There is a dreamlike quality one gets from silent movies. Even with a musical track and the occasional sound effect, the lack of voices or the aural ambiance that often grounds us in the scene of a sound film lends an ethereal quality to its silent counterpart that makes for a different kind of viewing experience. For the filmmakers as well, how they tell their story is determined by the parameters of the medium.
The most obvious example is probably the acting, which can be highly expressive, but there are other tools in the storyteller’s bag of tricks that come into play, also.
One of the movements that pushed things to the limit was German Expressionism, where nearly everything in the frame was designed to convey the subjective (psychological, emotional) state of the characters in the story; even to the point of distortion, if necessary.
In Sunrise: A Song of Two Humans, director F.W. Murnau’s first Hollywood movie, the Man, a farmer in a small village, is torn between his love for his Wife and his desire for the Woman from the City. When the evil seductress tells him the only way they can be happy is for him to kill his Wife, the Man at first agrees. But when the time comes to do the deed he cannot bring himself to commit the act. The Wife figures out what is going on and runs away. The Man, wracked with guilt and realizing his mistake, must prove to his Wife that he truly loves her.
The story itself is melodramatic, but the way in which Murnau tells his tale is nothing short of compelling.
In one scene, while contemplating the murder of his wife, the Man enters their bedroom in the background. The door he comes through is larger than normal, making him look smaller than he really is. The raked floor places him higher in the frame and compresses the space. All of this helps to convey the heightened sense of his emotional state in that moment: desperate, unbalanced.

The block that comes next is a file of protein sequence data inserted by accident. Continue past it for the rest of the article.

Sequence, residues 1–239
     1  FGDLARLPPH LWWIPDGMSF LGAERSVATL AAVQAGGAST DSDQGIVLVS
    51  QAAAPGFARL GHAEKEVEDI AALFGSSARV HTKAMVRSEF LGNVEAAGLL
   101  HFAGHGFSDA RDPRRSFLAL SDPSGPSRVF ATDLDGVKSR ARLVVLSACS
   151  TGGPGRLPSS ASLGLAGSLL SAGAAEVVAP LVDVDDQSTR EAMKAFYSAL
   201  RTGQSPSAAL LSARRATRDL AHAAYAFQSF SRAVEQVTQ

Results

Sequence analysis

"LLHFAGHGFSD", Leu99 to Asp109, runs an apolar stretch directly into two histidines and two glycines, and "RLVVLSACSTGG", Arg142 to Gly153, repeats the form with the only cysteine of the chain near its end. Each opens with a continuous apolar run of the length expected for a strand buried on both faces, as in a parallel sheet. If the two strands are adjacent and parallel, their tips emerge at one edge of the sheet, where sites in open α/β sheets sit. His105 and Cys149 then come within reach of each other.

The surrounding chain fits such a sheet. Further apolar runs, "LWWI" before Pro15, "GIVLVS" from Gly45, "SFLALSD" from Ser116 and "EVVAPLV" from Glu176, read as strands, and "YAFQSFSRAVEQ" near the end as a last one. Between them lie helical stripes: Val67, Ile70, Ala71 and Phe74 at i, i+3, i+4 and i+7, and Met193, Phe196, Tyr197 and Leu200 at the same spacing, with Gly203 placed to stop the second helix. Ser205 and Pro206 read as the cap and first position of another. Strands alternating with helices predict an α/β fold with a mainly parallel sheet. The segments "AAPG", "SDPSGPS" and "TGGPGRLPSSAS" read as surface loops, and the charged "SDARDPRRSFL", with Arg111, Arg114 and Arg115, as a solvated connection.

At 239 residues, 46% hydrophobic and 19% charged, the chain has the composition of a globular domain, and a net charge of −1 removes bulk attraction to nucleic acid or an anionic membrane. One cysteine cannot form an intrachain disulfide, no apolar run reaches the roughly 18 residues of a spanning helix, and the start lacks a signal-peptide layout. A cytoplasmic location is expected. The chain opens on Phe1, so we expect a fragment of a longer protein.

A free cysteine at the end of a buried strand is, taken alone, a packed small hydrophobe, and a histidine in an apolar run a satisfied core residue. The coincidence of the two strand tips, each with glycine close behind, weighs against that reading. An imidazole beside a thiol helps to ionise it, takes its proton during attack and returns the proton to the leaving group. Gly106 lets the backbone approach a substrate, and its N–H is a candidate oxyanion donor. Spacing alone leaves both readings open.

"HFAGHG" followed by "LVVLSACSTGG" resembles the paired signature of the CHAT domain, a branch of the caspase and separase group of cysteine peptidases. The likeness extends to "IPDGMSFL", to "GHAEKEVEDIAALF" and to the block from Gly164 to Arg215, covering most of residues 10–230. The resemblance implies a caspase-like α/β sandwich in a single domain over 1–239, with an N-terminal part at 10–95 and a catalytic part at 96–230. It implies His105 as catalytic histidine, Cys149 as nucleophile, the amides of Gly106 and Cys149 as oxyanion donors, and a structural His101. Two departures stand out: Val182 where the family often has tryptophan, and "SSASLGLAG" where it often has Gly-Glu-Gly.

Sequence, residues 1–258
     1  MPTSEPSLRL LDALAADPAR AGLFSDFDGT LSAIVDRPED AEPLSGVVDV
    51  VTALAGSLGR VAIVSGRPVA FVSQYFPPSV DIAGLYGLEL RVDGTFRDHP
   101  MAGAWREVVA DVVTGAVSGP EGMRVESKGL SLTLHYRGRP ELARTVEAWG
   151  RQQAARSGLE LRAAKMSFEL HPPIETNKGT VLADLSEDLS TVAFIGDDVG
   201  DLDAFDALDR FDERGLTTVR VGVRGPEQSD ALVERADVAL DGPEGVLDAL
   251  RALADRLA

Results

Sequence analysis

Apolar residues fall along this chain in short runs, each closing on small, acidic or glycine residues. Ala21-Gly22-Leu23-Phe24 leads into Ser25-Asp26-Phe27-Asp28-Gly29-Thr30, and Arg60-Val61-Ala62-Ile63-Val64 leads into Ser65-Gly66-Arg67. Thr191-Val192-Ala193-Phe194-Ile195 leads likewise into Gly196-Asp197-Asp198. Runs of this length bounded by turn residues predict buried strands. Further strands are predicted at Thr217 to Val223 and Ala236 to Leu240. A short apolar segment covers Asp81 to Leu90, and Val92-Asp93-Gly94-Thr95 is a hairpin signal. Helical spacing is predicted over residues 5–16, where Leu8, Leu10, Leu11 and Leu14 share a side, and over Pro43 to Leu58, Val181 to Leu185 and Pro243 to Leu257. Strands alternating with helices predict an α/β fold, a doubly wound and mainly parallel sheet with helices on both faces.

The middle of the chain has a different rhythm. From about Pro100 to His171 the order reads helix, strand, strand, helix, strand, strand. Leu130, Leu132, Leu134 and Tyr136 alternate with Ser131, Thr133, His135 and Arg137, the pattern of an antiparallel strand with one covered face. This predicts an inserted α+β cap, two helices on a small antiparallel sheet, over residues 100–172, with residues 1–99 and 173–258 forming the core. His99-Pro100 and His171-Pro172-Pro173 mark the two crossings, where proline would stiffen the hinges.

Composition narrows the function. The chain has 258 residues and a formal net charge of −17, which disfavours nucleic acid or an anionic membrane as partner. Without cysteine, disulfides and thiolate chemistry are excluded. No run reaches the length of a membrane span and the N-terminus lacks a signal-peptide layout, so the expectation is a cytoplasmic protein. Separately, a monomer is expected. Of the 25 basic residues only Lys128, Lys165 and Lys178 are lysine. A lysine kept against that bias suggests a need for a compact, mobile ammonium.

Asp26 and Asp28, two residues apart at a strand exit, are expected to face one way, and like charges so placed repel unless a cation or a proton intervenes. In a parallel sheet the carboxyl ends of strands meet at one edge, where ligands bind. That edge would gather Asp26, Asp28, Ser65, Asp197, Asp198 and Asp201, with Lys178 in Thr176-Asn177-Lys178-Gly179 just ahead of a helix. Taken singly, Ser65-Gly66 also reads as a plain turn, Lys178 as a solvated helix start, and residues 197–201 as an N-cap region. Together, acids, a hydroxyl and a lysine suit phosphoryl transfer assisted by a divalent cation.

In the wedding scene at a church, we see a bride and groom in the background, illuminated as if by an aura, while our tortured heroes, the Man and his Wife, enter the darkened foreground of the frame in silhouette. And of course things get brighter as the couple’s happiness grows. Anyone wondering about the outcome of the movie need only consider the title.
Murnau uses the camera expressively both when it moves and when it doesn’t. There is a tracking shot of the Man. The camera follows him from behind as he trudges through a swamp to meet the Woman from the City. It is a beautiful metaphor of a man heading deeper into the mire of his own soul.
In an earlier scene, the Man is at home with his Wife. The camera remains static during the following: The Man ditches his Wife while she prepares dinner in the kitchen. The camera holds for a good length of time on the empty room. The Wife finally enters with a bowl of stew. When she realizes he is gone, Murnau’s camera continues its unwavering gaze as we witness her heartbreak.
Images juxtaposed or combined also add impact to the story. In one shot the Wife is cradling her baby; that is immediately followed by a shot of the Woman from the City, holding the Man in a similar position. He’s as helpless as a babe in arms.
In another scene, the Man is in bed, thinking about the lake where he plans to kill his wife. A shot of the choppy waters are superimposed over his sleeping body–here is a man drowning in his own guilt.
The images in Sunrise flow over us like a dream. As I stated earlier the story is very melodramatic, and I’m sure most contemporary women would find the Wife’s spineless acceptance of her husband’s infidelity reprehensible. But as an example of the expressive capability of cinema, it is unforgettable.